Lashed, Lacquered And Buzzed: Trixie Mattel's Pink Drink Makeover
Editor's note: When we decided to include an LGBT-themed playlist inthis season of roséwave, in honor of Pride Month, one name immediately came to mind: Trixie Mattel. A celebrated drag queen and winner of season three ofRuPaul's Drag Race All Stars, Trixie Mattel is also a quirky folk singer-songwriter in her own right. Her essay will resonate with anyone (drag fan or not) who has reached for a pink drink and good tunes alongside a Friday night makeover, and her playlist features songs beloved pop acts and several formerDrag Racecompetitors.
It's 5 p.m. on a balmy Friday evening in Milwaukee, Wis. You don't have to be to the club until the midnight show, but you might as well start early. Post-shower, you package yourself in a lilac chenille robe. You think to yourself, "Lilac Chenille would be a great drag name" as you tiptoe down the hallway. Although you possess a comically bald head, you've crowned yourself with a bath towel wrapped around ever-so. You lean into the kitchen counter to reach the wine goblets on the highest shelf. After all — a bigger wine glass will make your hands look smaller. And Pride only comes once a year; if you're not drinking a pink wine, what are you doing?
Getting show-ready can be a creative experience: painting our egg shells to reveal our truer more-vibrant yolks. Getting in drag can also be — you guessed it — a drag. Pinching, taping, tucking, and sometimes stapling, the transformation can at times feel less magical and more methodical. Expectedly, the more often you do drag, the less special the transformations feels. The antidote to a mundane makeover? A playlist.
The right soundtrack can put you on stage even behind the curtain. My personal "getting in drag" playlist always begins with Imperial Teen's "Yoo Hoo." One minute, I'm an unprepossessing balding introvert with calloused hands — then suddenly, I'm a teenage viper doing her pre-lunch touch-ups after some light morning manslaugher between girlfriends. (If you don't understand this Jawbreakerreference, please stay away from me and my daughter.)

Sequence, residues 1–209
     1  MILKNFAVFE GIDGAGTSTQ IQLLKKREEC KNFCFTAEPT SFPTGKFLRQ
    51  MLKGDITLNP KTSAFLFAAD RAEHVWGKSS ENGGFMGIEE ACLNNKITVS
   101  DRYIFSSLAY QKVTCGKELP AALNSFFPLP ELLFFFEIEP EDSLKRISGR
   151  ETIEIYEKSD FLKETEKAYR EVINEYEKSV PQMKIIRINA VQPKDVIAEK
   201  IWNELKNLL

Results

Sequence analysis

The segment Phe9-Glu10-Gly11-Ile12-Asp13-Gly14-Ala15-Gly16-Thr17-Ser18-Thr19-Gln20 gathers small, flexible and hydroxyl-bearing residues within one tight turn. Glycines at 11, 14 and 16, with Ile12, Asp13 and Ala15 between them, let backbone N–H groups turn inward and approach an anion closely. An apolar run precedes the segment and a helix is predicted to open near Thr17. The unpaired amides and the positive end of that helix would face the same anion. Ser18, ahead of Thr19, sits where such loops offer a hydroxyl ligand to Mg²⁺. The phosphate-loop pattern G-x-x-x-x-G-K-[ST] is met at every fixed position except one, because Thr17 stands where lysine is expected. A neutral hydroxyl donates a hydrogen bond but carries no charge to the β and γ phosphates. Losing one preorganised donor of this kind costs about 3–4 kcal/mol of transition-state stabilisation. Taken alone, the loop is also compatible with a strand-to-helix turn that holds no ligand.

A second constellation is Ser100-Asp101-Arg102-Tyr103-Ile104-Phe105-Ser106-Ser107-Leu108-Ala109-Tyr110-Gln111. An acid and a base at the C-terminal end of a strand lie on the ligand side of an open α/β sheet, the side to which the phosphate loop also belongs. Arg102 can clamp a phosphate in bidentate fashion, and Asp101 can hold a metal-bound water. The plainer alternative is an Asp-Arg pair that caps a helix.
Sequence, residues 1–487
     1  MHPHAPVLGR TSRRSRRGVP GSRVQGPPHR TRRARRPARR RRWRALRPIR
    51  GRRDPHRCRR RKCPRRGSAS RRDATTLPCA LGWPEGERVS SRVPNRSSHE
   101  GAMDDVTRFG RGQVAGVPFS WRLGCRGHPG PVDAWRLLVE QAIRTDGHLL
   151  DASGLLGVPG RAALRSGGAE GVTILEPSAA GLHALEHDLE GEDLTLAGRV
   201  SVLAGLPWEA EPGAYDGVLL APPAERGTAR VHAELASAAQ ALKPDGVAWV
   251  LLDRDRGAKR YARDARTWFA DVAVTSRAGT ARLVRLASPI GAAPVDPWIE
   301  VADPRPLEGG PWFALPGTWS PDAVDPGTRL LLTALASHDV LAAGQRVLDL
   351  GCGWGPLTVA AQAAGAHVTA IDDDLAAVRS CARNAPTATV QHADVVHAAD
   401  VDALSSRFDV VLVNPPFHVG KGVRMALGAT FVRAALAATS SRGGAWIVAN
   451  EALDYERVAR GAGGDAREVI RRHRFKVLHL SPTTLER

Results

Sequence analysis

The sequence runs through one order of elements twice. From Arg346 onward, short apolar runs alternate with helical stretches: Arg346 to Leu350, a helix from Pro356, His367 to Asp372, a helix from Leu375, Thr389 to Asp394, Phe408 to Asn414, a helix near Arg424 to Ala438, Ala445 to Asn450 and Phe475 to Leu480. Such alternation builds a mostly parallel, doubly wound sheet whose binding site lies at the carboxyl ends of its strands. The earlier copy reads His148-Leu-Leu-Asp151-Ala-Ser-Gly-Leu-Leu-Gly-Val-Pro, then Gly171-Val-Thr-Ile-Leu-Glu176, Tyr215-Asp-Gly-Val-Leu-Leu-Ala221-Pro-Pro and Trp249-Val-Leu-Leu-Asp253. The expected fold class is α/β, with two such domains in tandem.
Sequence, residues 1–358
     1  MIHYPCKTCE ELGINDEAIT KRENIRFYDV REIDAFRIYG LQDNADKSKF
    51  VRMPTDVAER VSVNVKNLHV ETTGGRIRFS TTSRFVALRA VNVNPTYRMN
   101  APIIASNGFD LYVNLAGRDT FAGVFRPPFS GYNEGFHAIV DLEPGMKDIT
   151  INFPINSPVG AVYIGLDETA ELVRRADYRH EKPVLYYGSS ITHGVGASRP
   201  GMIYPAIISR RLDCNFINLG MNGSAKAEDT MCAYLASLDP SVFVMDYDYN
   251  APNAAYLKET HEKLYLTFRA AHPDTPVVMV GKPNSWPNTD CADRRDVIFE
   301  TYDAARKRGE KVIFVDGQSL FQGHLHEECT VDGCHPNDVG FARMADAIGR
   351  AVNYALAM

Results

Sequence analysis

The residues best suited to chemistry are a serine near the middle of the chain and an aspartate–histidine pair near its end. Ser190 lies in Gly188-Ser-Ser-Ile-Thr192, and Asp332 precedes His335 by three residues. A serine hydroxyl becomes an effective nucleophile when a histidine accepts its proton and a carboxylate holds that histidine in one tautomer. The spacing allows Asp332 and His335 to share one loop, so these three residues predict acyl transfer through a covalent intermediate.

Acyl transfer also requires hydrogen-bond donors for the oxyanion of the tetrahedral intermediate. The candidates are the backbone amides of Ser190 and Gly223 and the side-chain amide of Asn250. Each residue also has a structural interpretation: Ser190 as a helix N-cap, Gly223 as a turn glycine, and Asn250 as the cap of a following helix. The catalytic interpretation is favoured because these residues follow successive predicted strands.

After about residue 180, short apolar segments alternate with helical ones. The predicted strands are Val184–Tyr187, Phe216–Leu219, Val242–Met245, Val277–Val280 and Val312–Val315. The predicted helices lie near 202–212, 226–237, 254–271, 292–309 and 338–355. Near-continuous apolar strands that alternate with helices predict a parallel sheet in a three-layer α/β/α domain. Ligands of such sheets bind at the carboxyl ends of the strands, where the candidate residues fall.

Clink your pink drinks! It's time for "Spooky (Quinten 909 Extended Remix)." Imagine you're Dusty Springfield, the blue-eyed soul and paragon of '60s style. In charcoaled panda eye makeup and a bleached blush lip, Dusty sings "Spooky" with a flirtatious swirl that is perfect for a rosé refill. Swish down the hall while your lashes dry and rehydrate.
Lashed, lacquered and a little buzzed, it's time for hair. Amanda Lepore's "My Hair Looks Fierce" queues up as you switch gears. You unravel your headwrap and lower a bawdy bubble of synthetic fibers onto your painted head. After adhering the lace to the skin, you drain your glass as you zip cheap go-go boots onto your expensive legs. Five to seven puffs of MAC Candy Yum-Yum perfume swim around you as you polish off the slim bottle of rosé. Britney's version of "Tom's Diner" plays as you pin your hair so tight that you swear you feel the sharp end touch your brain. Beep beep! The Grindr app flashes across your cracked iPhone 3. You don't respond — you're mid-manicure. Besides, it's a men's hookup app; this phone currently belongs to a woman.
Time to bolt. "Chapstick" by Todrick Hall and Trixie Mattel kisses you goodbye from Alexa's speaker. Your Uber XL pulls up outside your four-story walk-up. You runway jaywalk across the street to the idling Toyota Sienna. Davit, your driver, greets you. "You smell delicious. What perfume is that?" You cross your legs at the ankle like Mount Rose American Teen Princess before you reply:
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